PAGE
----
LORENZO Monaco
(b. ca. 1370, Siena (?), d. ca. 1425, Firenze)

Antiphonary (Cod. Cor. 7, folio 124v)

1406
Tempera and gold on parchment, 315 x 265 mm
Metropolitan Museum of Art, New York

The choir books of Santa Maria degli Angeli are the crowning monuments of the art of illumination in early Renaissance Florence. They were highly praised by Vasari, who claims to have seen them many times. Twenty codices, most of them missing pages where illuminated initials were presumably cut out and sold to collectors, were transferred to the Biblioteca Laurenziana from Santa Maria degli Angeli upon the suppression of the monastery at the beginning of the nineteenth century.

The earliest of the series of choir books (Cod. Cor. 2, dated February 1370, and illuminated by Don Silvestro dei Gherarducci) is the only volume written before the sacking and burning of Santa Maria degli Angeli in 1378. In 1382 the monastery received a large bequest, provided for the completion of a full set of choir books for both Santa Maria degli Angeli and its neighbour Santa Maria Nuova. A complete set of antiphonaries, in twelve volumes, was apparently finished (that is, written, but not necessarily illuminated) for Santa Maria degli Angeli by 1397. Eleven of the volumes of the antiphonary (Cod. Cor. 9, 16, 14, 17, 13, 12, 1, 8, 19, 5, 6) contain both movable and fixed feast for a portion of the liturgical year. Two volumes Cod. Cor. 11 and 7), containing commons of the saints, were added in the 1390s and in 1406. The series of graduals was completed in 1406 and 1410 with the addition of four further volumes (including Cod. Cor. 18, 3 and 4).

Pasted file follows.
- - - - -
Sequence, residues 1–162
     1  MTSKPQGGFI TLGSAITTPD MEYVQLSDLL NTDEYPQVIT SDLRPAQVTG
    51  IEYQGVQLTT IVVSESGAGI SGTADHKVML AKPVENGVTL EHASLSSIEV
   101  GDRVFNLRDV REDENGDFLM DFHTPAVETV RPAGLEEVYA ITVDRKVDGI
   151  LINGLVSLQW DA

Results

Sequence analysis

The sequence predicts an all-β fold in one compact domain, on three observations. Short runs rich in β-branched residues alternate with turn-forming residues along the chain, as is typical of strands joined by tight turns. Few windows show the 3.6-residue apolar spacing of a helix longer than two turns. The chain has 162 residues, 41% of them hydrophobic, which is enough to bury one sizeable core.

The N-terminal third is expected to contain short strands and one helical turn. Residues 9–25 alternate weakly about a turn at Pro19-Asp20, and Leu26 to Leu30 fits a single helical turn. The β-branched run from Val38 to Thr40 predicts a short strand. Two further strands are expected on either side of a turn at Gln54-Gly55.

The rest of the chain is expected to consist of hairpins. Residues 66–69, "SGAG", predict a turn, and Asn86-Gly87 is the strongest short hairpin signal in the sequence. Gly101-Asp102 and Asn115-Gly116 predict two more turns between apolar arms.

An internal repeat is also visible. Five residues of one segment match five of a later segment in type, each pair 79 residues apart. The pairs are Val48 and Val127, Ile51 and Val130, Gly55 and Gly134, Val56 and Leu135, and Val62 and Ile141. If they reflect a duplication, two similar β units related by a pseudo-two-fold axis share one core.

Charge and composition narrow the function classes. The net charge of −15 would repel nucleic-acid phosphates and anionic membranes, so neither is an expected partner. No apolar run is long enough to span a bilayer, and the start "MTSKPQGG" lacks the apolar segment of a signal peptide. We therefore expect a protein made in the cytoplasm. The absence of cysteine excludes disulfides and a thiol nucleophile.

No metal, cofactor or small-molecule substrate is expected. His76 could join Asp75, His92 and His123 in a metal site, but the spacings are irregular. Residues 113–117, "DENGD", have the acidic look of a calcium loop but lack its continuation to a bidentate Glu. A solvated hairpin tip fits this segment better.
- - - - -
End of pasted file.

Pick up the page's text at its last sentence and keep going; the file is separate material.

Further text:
In studying the rich variety of illuminations present in these volumes, as well as those cuttings in collections around the world that can confidently be traced to these codices, it is apparent that they were not completed strictly in the order in which the books were written, and in some cases there was a considerable delay between writing and painting a given volume. It is probable that the first three volumes to be completed with illuminations were Cod. Cor. 9, 19 and 6, all painted by Don Silvestro dei Gherarducci. The illuminations from Cod. Cor. 16 and 11 were commissioned to artists outside the monastery, while the remaining volumes of the antiphonary, Cod. Cor. 1, 5, 7, 8 and 13, may all be associated with the art of Lorenzo Monaco.

Most scholars see Lorenzo Monaco as directly responsible for only a limited number of the initials in the books associated with Lorenzo Monaco, assigning the others to a variety of assistants and followers.

The antiphonary Cod. Cor. 7 at the Biblioteca Laurenziana retains three illuminated initials, while three others are missing. The cutting in the Metropolitan Museum contains one of the three missing initials, it is a fragment of the missing folio 124. This cutting shows a depiction of the Last Judgment in an initial C.

In the blue initial lined with bands of yellow and red and decorated with yellow, orange, and green foliation, the half-length figure of Christ, loosely wrapped in a blue cloak, floats on a bank of clouds above a desolate rocky landscape. He raises his right hand in judgment, points downward with his left, and looks across to the right toward the now missing text that would have followed the initial. At the left, cropped by the red band lining the initial, is an angel in a blue tunic sounding a long golden trumpet. Below, the bodies of four of the resurrected dead emerge from holes in the cracked and barren ground.